A Westerner grows up in China
For decades, China demonized foreigners and capitalists. Today, businesspeople worldwide jet here from to find profits and a warm welcome. Born in Beijing in 1949, Carl “Ke Lu” Crook has seen the best and worst of Chinese hospitality.
China has been transformed beyond recognition since the ruling Communist party decided 30 years ago this week to abandon Maoism, build a market economy, and dismantle the "bamboo curtain" that had isolated the country from most of the world. This series explores what "reform and opening" has meant to the everyday lives of six individuals.
BEIJING – The fact that Ke Lu spent several years during the Cultural Revolution at a Beijing metalworking factory, making joints for the four-inch pipe that ran the length of the Ho Chi Minh trail, might not on the face of it sound very unusual.
Ke Lu, however, was not just another anonymous face on an industrial production line. He was also Carl Crook, an Anglo-Canadian teenager, and the middle aged businessman he has become – still living in China – looks back on his tumultuous youth now with an air of vague bemusement.
"I would never have expected then that I would end up doing business in China, especially not importing wine," says Mr. Crook, ensconced comfortably in a leather armchair in the spacious living room of his Chinese-style home. "It would have seemed so outlandish."
Crook would never have lived in China if it hadn't been for Mao. He was born in Beijing in 1949, the year of the revolution, because his parents believed in the "New China" and had come to work here. But he would not still be living here today, he adds, if the country had not wrenched itself out of Mao's shadow during 30 years of "reform and opening."
"It's not because of [having] material things, but there was a lot of uncalled for vigilance back then, a lot of busybodies" keeping neighbors up to the revolutionary mark, he recalls.
Westerners were virtually unknown in China when Crook was growing up, which earned him and his family special attention. Sometimes it was harmless: Astonished gawkers would block the streets when he and his family were allowed to travel into the countryside. Sometimes it was tragic: Crook's parents were both jailed as spies during the Cultural Revolution, which is when he was assigned to the pipe factory.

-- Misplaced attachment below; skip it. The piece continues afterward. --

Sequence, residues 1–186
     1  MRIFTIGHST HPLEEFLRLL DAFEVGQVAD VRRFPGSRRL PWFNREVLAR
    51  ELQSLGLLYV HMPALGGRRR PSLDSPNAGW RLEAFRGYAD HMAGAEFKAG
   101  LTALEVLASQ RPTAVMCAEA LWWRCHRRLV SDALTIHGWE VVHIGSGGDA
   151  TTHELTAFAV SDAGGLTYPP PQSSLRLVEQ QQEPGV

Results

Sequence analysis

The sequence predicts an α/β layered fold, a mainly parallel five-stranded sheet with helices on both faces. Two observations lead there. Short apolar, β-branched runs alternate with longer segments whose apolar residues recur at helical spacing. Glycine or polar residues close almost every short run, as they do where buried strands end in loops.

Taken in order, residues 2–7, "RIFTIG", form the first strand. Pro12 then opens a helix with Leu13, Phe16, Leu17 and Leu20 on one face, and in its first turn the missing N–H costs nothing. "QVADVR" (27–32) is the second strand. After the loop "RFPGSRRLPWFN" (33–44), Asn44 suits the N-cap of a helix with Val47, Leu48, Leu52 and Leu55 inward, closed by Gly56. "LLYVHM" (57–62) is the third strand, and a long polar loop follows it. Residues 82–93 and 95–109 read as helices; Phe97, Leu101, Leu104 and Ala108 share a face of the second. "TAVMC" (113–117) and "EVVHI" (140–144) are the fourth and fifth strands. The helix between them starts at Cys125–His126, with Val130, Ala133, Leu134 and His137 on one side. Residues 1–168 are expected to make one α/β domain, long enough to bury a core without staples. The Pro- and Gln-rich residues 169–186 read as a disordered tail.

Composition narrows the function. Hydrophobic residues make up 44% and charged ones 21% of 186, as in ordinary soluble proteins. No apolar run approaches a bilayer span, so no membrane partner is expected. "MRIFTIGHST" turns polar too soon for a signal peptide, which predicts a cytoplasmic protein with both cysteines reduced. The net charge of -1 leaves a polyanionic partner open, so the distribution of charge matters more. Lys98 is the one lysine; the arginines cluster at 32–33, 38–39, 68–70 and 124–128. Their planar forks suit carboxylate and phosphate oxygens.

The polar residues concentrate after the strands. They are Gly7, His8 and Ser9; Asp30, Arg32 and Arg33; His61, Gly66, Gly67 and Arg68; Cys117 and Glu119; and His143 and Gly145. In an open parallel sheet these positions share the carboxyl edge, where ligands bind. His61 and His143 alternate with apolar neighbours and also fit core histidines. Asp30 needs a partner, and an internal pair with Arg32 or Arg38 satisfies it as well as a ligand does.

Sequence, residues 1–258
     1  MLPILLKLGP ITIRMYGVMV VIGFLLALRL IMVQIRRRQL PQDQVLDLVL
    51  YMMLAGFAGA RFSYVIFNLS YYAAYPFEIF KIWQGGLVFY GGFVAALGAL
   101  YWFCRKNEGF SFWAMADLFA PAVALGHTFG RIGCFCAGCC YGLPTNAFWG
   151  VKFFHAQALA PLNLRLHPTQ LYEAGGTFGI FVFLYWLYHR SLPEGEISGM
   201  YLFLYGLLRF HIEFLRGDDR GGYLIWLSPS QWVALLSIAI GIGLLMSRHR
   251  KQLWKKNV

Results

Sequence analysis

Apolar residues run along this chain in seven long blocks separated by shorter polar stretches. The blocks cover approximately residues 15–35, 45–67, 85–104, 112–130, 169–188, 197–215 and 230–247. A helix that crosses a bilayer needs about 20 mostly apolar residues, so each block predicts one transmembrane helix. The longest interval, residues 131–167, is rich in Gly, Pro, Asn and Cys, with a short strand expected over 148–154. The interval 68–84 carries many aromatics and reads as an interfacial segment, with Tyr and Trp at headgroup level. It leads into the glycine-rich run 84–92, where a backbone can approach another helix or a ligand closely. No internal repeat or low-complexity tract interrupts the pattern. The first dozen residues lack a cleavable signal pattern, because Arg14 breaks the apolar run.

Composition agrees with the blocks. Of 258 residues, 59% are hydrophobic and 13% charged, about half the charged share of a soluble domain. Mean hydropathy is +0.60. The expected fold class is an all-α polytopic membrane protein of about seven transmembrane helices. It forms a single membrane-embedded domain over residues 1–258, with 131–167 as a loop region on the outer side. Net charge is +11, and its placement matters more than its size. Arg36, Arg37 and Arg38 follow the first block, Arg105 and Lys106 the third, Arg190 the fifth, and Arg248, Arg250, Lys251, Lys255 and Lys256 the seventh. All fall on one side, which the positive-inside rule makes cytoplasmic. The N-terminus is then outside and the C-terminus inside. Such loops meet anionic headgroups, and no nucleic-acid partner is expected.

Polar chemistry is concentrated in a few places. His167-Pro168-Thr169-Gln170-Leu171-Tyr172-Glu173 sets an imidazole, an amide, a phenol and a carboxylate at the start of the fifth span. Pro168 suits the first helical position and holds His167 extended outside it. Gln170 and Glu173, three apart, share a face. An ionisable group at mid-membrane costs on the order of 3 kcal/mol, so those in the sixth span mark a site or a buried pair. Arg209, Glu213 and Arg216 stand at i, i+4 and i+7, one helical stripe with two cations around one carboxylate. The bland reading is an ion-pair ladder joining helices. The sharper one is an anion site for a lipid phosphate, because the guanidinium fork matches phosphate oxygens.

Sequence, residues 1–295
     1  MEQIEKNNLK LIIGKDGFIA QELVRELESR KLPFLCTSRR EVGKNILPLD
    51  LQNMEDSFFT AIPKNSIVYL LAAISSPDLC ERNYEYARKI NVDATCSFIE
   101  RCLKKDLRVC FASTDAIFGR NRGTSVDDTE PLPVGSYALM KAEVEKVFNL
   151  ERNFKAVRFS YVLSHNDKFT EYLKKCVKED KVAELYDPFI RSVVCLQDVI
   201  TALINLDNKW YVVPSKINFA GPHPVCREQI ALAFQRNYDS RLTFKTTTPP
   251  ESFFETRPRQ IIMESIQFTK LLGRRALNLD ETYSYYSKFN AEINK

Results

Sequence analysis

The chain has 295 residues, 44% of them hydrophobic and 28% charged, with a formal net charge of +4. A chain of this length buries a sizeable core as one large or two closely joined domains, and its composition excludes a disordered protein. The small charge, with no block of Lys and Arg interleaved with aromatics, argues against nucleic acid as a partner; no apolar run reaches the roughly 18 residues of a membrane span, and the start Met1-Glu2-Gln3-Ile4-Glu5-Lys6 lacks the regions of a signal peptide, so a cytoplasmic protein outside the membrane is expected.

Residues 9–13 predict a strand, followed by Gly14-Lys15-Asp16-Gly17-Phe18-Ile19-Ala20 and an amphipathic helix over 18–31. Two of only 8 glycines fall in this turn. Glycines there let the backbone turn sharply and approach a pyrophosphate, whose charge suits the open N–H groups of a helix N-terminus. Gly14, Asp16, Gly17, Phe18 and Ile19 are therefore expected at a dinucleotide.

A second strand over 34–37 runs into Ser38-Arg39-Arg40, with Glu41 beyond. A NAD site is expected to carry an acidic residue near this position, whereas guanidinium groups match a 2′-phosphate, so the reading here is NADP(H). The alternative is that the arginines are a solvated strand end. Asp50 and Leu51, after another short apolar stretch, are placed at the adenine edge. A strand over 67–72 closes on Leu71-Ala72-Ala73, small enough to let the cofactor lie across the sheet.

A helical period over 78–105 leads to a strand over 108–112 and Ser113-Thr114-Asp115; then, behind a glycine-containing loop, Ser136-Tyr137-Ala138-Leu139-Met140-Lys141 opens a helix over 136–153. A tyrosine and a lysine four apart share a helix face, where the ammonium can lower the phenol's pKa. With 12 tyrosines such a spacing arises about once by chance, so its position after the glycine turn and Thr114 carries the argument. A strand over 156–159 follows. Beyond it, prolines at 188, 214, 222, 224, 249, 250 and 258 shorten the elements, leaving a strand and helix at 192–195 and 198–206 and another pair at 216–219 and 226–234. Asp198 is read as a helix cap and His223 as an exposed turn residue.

No matter that Crook had attended Chinese school, spoke Mandarin like a native (he prides himself today on speaking better Chinese than his local office staff), and had adopted a Chinese name. His physiognomy set him apart and kept him within bounds.
"We were hemmed into a radius of 15 kilometers," he recalls. "There were big blue-and-white enamel signs on all the roads out of Beijing in Chinese, Russian, and English: "Foreigners without permission are not to exceed this point."
Those warnings are long gone. And while Crook's life has been transformed by both aspects of "reform and opening" it is the "opening" that he values more.
"Growing up here I was always conscious that I was a liability to my (Chinese) friends," he recalls. "Just to be seen with me could be a problem for them and I was always very grateful to the ones who didn't mind."
Today, he says, one of the changes about China that pleases him most is the way he "can talk to people without their feeling any great apprehension about associating with foreigners. There's no fear about that now."
With more than 400,000 foreigners living in China today, mostly drawn by business opportunities, "long noses" are no longer a rarity except in small towns, and that traditional term for foreigners has almost completely dropped out of use.
"The world is part of their lives," Crook says of his former classmates, most of whom have prospered in later life. "Half their kids are living abroad and it doesn't shock them. The only travel they ever did then was when they were sent to the countryside."
It is that new openness of spirit "a readiness to try new things" in Crook's words, that has fueled the business that he founded and now runs – a wine importing company. And the appetite for foreign luxuries is booming among China's growing ranks of wealthy consumers.
In the old days, Crook remembers "foreigners were kept apart not just so that they would not fraternize too much with Chinese, but so that they would spend more" in special stores and restaurants. "In the restaurant business now it's the Chinese who are the big spenders. The tables have been completely turned at the high-end places."
At the same time, the Chinese government has grown less afraid of foreign influences. Crook remembers bringing his father a new shortwave radio every time he returned from a trip abroad, so that the old Englishman might tune in to his beloved BBC, which in official parlance constituted the crime of "furtively listening to an enemy station."
Nowadays, like anyone else, Crook listens to the BBC on the Internet. And he doesn't have to fear neighborhood snoops.